Jamaal Charles may have been seeing light bulbs after his touchdown run against the San Diego Chargers on Sunday, but he does not have a concussion.
Here’s what Charles told ESPN Radio earlier today:
"“It definitely hurt,” Charles said. “It’s like, I woke up — I mean, like, a couple plays later I was seeing light bulbs, like, light bulbs around my eyes, and I was trying to catch them. But I was in the game so I was like, ‘Alright, let’s get the ball and run again.’”"
Kansas City’s head athletic trainer Rick Burkholder came out this afternoon and said Jamaal went through all of the concussion tests both during the game and after the game and passed them all. Burkholder says the team will continue to monitor Charles throughout the week, but for now he is cleared to practice and play in Sunday’s game against the St. Louis Rams.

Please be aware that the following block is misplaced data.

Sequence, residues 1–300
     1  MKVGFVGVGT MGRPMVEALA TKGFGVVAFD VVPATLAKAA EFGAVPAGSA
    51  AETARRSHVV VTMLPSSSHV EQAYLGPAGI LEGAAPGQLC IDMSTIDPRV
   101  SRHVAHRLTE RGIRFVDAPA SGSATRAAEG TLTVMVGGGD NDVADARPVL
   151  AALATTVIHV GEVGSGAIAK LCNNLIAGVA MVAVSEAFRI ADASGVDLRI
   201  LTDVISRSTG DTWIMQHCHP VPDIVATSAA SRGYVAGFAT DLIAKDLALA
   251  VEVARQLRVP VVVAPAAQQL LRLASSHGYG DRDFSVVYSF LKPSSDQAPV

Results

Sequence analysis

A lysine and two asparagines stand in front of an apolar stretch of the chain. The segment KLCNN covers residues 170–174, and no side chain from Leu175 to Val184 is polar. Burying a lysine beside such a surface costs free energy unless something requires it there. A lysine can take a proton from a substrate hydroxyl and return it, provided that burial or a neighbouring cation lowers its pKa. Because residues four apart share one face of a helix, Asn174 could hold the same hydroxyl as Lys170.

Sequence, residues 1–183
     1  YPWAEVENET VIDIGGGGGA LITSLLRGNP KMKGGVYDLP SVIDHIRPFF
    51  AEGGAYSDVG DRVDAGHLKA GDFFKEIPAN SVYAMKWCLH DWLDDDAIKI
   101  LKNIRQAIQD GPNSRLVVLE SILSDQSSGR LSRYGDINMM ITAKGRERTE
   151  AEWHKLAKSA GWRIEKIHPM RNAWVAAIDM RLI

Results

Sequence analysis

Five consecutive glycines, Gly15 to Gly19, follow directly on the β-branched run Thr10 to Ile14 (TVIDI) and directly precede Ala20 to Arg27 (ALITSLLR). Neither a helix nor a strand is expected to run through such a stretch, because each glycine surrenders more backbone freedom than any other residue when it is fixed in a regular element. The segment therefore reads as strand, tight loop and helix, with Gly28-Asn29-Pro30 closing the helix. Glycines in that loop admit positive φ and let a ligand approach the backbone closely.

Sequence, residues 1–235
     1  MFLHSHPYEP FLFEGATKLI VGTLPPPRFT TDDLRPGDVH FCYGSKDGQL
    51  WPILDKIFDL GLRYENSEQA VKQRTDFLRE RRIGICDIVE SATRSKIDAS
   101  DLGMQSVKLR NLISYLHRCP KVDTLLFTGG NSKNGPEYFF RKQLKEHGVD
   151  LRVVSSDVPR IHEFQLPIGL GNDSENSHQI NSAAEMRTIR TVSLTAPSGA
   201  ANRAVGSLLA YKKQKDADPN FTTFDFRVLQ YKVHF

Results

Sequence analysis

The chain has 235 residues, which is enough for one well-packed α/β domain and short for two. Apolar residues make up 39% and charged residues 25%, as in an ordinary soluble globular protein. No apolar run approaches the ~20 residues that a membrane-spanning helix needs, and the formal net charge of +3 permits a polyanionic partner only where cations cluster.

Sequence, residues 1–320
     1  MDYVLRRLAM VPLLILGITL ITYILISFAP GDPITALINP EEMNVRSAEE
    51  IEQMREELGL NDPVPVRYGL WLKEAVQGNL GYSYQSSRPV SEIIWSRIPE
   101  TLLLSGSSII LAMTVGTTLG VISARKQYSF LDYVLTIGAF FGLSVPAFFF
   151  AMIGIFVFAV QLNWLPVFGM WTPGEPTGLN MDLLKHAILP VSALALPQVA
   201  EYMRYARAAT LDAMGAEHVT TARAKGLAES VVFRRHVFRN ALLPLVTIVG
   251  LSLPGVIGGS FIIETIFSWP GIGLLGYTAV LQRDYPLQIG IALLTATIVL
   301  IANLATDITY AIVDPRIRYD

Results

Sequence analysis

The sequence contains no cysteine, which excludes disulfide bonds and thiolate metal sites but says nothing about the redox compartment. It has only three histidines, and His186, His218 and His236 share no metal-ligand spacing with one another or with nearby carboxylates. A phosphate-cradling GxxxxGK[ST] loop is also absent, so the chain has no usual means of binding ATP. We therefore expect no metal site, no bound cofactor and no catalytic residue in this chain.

Charles’ statements plus the clearance from what has been a conservative Chiefs training staff – remember, Charles was pulled from a playoff game due to a concussion by this same staff – brings to light some of the flaws with the NFL’s concussion protocol. Reality is monitoring or diagnosing concussions is a far more complicated thing that just doing a few tests to check a player’s senses and their memory. Even with medical advances we still do not fully understand the workings of the human brain and what does or does not constitute a concussion.
Hopefully Charles is okay not just for the short term, but for the period of his life after football. It is clear from his comments that he suffered some sort of head injury even if the tests didn’t diagnose a concussion. Too many of those kinds of hits and Charles is going to have more problems than just trying to figure out a way to get past St. Louis’ defensive line.